An international Internet copyright proposal has drawn fire from the Electronic Frontier Foundation, which claims the pact could constrict Internet use and "undermine" US copyright law.
The EFF is the latest group to oppose proposed revisions to the 100-year-old Bern Convention on copyright protection. This week in Geneva, the United Nations' World Intellectual Property Organisation launched an international conference to hammer out updates covering digital media, including transmissions over the Internet, software and databases.
The EFF is urging the US to withdraw the proposals from the Geneva negotiations until they have been debated further in the US. A US Patent and Trademark Office official, however, says any results of the negotiations will ultimately have to be ratified by the US Congress, as would any changes to US copyright law. The US delegation is headed by Bruce Lehman, commissioner of Patents and Trademarks and assistant commerce secretary.
"We're supporting updating and clarifying existing copyright laws to take into account the changes in this digital age," says Lisa-Joy Zgorski, press secretary for the Patent and Trademark Office.
The EFF has found flaws with two of the three proposed treaty updates, those covering databases and artistic works. Among its complaints, the EFF claims the treaties could hold Internet and online service providers responsible for copyright infringements by users of their networks, and could make encryption-cracking and reverse engineering tools illegal. The treaties could also inhibit browsing of copyrighted materials on the Web, since Web information temporarily copied onto a computer's memory could be seen as a "reproduction" of the work.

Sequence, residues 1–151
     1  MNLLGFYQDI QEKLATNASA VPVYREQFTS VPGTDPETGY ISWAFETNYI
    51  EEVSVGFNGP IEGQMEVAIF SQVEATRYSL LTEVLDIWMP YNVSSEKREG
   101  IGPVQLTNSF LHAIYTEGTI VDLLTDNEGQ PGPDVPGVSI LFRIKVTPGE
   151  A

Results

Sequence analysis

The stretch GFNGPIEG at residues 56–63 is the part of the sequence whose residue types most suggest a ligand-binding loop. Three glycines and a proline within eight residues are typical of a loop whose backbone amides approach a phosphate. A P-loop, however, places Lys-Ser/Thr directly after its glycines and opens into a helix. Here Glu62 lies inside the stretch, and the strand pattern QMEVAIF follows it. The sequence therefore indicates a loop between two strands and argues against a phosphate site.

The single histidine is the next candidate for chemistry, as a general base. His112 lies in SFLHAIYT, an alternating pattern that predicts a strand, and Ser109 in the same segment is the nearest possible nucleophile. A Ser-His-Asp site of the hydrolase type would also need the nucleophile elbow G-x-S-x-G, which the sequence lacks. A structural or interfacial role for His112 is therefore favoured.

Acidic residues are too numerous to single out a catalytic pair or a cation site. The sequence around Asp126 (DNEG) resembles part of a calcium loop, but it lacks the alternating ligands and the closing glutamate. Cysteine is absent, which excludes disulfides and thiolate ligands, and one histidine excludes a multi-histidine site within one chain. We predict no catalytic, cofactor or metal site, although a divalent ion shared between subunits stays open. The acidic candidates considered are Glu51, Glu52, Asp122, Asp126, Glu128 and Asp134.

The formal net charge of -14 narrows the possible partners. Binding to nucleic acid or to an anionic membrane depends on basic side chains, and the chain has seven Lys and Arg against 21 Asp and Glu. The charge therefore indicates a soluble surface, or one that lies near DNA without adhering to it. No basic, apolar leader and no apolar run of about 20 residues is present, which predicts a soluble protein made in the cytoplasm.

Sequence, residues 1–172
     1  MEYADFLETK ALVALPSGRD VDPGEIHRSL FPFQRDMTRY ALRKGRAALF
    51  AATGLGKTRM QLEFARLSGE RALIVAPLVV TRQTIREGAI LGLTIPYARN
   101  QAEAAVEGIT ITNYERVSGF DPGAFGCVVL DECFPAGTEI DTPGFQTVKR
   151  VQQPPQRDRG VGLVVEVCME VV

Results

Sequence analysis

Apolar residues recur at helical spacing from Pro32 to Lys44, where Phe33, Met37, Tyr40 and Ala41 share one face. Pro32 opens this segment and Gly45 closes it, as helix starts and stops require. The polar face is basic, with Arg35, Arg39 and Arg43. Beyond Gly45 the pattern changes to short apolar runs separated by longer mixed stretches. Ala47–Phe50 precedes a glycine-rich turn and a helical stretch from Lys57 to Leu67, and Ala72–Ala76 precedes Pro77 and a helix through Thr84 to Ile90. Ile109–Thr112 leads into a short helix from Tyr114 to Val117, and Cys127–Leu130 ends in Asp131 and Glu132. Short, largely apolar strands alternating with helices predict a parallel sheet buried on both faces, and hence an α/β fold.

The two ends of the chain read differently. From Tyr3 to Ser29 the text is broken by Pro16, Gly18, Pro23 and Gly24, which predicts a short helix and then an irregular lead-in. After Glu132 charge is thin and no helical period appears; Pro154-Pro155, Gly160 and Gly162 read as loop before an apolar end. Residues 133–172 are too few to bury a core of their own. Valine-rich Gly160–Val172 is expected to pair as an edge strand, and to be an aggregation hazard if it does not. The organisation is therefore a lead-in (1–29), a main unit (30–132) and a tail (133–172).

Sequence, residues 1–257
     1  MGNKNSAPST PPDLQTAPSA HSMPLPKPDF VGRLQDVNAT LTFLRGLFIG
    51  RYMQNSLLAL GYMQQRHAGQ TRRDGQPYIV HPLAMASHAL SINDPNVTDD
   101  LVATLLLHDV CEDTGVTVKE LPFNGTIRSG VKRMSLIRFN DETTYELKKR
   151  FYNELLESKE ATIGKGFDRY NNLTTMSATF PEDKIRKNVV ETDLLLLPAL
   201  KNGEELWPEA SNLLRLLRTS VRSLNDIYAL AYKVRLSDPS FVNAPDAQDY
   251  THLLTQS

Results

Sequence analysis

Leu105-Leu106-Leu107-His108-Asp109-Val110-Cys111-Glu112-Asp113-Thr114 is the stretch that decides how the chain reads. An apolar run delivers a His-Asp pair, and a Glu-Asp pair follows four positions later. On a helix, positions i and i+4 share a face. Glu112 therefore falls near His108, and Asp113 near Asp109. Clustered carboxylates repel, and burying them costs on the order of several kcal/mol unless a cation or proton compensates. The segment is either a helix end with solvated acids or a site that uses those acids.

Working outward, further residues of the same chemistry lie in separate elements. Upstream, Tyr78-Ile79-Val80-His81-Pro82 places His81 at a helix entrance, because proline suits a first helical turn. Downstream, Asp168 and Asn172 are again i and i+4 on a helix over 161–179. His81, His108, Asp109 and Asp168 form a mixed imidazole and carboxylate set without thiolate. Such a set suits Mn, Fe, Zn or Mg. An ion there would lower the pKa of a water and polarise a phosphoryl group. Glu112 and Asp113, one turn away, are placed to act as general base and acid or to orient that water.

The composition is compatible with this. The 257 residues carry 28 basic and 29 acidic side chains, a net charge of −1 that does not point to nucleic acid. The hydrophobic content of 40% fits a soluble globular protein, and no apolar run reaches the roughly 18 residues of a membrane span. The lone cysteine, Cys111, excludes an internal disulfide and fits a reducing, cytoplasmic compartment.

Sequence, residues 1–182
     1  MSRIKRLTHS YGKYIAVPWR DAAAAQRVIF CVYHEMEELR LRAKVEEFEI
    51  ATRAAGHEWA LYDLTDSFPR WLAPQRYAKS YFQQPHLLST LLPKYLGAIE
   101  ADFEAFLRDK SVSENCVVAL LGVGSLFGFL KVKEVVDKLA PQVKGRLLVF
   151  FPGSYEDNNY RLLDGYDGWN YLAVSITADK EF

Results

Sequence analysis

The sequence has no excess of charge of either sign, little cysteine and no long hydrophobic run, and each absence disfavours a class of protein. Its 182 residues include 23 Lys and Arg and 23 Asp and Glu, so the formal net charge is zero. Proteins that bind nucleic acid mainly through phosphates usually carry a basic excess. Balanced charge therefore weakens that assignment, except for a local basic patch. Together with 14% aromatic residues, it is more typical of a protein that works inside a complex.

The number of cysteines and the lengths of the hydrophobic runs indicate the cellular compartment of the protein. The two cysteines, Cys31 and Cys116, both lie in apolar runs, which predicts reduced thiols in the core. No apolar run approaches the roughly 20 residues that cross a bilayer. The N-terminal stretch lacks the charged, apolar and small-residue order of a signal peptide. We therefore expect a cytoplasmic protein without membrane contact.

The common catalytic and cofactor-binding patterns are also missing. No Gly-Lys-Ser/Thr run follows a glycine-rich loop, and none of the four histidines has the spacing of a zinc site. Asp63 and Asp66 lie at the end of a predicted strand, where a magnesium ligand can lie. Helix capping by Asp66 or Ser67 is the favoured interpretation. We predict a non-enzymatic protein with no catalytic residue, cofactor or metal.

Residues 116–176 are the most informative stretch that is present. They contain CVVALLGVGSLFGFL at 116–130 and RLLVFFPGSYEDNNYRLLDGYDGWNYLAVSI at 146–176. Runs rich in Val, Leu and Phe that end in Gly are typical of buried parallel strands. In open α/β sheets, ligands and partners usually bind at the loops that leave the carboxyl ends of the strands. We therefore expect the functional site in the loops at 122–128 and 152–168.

The EFF also claims that the treaties do not recognise "fair use" provisions that are found in current US copyright law -- that is, that private citizens and schools can make limited copies of copyrighted materials for noncommercial use. And it believes the database law could enable private companies who develop government databases to copyright the material, even though the database information is in the public domain.
"We're really concerned about so many of the things that are proposed," says Shari Steele, an attorney for the EFF.
Zgorski, however, says that the US delegation is sensitive to fair use concerns, particularly in cases where using the electronic medium requires temporarily copying material. It is also sensitive to liability concerns of ISPs.
"No one wants to be unreasonable," Zgorski says. "If service providers are truly passive and there are pirated or counterfeited works on their site... there should be exception from liability in those cases."
The EFF is on the World Wide Web at http://www.eff.com.